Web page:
He hardly ever gets invited to parties. And by hardly ever, I mean this was his second invitation. Ever.

But I just knew, I knew he wouldn’t be able to handle such a long day and that I wouldn’t be around to help him, and I didn’t want to cancel my plans, but I didn’t want to leave him either.

This is how my autism mother’s brain works, all day, all the time. I want so much to believe in the best, but I have come to expect the worst. Constantly, I taste the bittersweet flavor of hope and guilt, remorse and false bravado.

I am tired of false bravado.

So I told him no. I was very terribly sorry, but no, he definitely could not go to Ben’s party. Some other time maybe. Or we could have Ben over this summer, wouldn’t that be fun, we could even play laser tag and make cheeseburgers on the grill and get his favorite pickles, la la la.

Jack wasn’t buying it. He wasn’t buying the pickles or the cheeseburgers or the precedence or my fake, bright, sparkling voice. He started whirling and screeching all around me.

I sat down at my desk, and I listened to him scream that all he wants is to be like everybody else and it wasn’t fair and pickles are dumb and if I don’t drive him, he will walk there, and I thought to myself, "Nothing should be this hard." I’m tired of everything being hard.

And at the exact same second — literally, factually, actually the exact same second — I thought to myself: "Everything should be this hard."

The truth is, it’s always going to be this hard. Forever and ever and always. But when it’s hard, I have to listen. I have to listen and talk and write and think and scrutinize.

And then it’s like I have to take an invisible dustpan out and clear away all the debris, all the detritus and garbage and falseness, and I have to concentrate on what I really want.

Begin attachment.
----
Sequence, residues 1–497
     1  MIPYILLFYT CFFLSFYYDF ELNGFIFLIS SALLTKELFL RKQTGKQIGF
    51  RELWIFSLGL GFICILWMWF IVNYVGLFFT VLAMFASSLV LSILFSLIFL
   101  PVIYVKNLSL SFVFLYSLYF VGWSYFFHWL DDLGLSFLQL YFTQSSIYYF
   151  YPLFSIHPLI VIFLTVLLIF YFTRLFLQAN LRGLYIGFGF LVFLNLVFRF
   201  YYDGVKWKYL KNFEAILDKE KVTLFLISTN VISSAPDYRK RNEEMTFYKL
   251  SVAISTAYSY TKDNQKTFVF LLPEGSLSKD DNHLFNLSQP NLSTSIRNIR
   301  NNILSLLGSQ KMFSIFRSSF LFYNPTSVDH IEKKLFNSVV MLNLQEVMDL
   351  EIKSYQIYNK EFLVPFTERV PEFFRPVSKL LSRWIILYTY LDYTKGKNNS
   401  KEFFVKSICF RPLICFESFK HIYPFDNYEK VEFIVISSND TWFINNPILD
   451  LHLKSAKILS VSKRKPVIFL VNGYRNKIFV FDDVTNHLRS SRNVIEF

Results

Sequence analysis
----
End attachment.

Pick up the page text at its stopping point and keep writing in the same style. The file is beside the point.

What do I want?

I want to go away for the night and watch "The Real Housewives of New York City" on cable television in a quiet hotel room.

I want to nudge autism aside and stop framing everything within its distorted, biased lens.

I want my son to feel like everyone else for once.

I want to say yes.

I want to say, "Why, yes, Jack, you can go to Ben’s birthday party. Go and play laser tag and swim in the lake and watch fireworks and eat cake. Go and enjoy a party just like your big brother Joey."

So even though I knew in my heart he could not handle this party, I said yes anyway.

I said yes, and then I packed my bag, and I drove away with Joe to a beautiful hotel with cable television.

I said yes because sometimes I just have to say to heck with autism and selfishness and worry.

And so I gave the nice mom all my numbers, and I drove away and all afternoon I checked my phone for texts. At around 4:30, she sent me a picture.

Ben (right) hangs out with a friend. Image courtesy of Carrie Cariello.